Soft robotic components can be safer for humans to interact with, have an ability to grasp different kinds of objects and better handle rough environments, but more malleable parts have their downsides too. What if there was a way to retain the benefits of stiffer materials while also tapping into the field's softer side? Scientists have developed a multipurpose fiber that changes its stiffness depending on temperature, making for a highly versatile wire that could one day be used in everything from folding drones to shapeshifting furniture.

The team at the École polytechnique fédérale de Lausanne's Laboratory of Intelligent Systems has been behind some impressive robotics advances over the years. Unmanned aircraft that use wings to walk on land, a grasshopper-like robot that can leap 27 times its body size and an award-winning crash-proof robot that flies inside a spherical cage are just a few examples.

Its latest creation is a composite thread that is rigid in its natural state. At its core is a silicone tube that holds low melting point alloys inside, which remain solid at room temperature and give the fiber a stiff nature, much like a thin metal wire. But wrapped around the tube is a copper wire, and when an electrical current is passed up and down this wire it heats up the alloys inside.

When the temperature inside the tube ticks over 62 °C (143.6 °F), the alloys melt. This takes as little as ten seconds and makes the fiber up to 700 times softer, 400 times more deformable and able to be stretched up to four times its own length. Lab boss Dario Floreano describes the wire in this state like spaghetti and says it could be wrapped around objects, knitted into electronic casts for broken bones and even used in shapeshifting furniture.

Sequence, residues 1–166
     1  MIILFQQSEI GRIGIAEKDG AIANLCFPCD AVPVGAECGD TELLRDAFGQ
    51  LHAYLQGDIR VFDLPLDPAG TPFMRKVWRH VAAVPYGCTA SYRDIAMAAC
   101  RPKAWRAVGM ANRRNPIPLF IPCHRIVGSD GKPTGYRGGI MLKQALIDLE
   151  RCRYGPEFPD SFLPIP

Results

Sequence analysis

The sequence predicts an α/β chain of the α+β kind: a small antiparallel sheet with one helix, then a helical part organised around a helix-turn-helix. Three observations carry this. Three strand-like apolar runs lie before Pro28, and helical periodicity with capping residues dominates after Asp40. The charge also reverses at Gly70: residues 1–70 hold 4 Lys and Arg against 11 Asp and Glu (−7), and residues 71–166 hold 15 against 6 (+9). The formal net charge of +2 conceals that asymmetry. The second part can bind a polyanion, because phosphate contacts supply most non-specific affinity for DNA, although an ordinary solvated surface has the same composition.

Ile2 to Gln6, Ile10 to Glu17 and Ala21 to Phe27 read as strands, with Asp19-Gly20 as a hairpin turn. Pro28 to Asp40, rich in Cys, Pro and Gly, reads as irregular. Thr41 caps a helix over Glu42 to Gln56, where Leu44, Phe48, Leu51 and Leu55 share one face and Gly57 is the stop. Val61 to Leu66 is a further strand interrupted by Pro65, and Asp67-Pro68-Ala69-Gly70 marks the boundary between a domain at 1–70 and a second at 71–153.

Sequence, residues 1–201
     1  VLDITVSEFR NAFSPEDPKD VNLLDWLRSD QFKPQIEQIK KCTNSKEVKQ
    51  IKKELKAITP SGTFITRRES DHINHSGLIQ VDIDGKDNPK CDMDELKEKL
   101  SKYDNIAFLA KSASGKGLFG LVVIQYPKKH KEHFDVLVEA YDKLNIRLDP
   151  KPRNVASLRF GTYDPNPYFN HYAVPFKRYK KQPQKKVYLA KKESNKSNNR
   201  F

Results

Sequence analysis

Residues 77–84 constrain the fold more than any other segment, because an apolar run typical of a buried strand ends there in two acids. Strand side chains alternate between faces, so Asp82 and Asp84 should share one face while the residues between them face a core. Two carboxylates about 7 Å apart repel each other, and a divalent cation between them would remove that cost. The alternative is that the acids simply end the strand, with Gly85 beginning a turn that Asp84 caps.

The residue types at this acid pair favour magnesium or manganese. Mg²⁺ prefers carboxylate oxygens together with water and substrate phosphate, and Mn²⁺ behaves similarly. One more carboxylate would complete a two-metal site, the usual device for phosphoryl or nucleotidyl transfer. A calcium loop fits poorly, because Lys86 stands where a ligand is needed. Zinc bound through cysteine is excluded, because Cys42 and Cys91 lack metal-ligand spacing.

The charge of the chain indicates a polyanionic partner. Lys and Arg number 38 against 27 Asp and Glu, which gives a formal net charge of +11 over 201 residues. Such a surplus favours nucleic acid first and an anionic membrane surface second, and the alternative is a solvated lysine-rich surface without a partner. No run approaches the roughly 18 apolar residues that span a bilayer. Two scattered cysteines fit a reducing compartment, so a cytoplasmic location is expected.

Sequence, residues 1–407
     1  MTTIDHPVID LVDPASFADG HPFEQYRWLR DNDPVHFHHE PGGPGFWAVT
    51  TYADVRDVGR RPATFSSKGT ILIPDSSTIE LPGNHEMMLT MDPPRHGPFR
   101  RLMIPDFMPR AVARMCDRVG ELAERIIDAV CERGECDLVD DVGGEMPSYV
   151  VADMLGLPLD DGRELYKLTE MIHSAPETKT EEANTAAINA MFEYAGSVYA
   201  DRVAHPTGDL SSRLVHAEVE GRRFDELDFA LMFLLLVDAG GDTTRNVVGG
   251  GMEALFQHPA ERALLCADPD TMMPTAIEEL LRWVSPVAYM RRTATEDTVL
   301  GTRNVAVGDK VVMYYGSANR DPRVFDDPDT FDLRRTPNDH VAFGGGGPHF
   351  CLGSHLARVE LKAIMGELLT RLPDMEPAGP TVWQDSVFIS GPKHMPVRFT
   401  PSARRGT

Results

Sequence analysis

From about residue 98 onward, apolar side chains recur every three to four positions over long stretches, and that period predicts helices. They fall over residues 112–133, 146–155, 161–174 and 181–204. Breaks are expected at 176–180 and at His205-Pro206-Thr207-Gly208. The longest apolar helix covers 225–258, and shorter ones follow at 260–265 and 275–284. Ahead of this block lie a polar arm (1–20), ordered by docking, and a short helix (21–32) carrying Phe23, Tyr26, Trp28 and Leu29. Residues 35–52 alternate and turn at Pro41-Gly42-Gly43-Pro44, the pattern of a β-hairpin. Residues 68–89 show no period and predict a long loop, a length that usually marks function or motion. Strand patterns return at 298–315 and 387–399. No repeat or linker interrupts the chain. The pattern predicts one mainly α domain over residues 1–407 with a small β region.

An added benefit is that it has the capacity to self-heal. If the thread is cracked or snapped when in its solid state, the metal core can simply be melted, mended and you can start again.

The team is currently putting the fiber to work in a vehicle that uses the varying stiffness to morph from miniature aircraft into a robotic car. It does this by using the changing nature of the thread to switch its motors from a propellor position to a wheel position for rolling across land.

But it hopes that this is just the beginning and, while it imagines a whole raft of applications for the material, one where it sees particular potential is in the medical world. It could lead to endoscopes and other instruments that are soft and gentle enough when navigating delicate or sensitive regions of the body, but then firm up when they need to penetrate tougher tissue.

The team's research was published in the journal Advanced Materials.

You can hear from the researchers in the video below.

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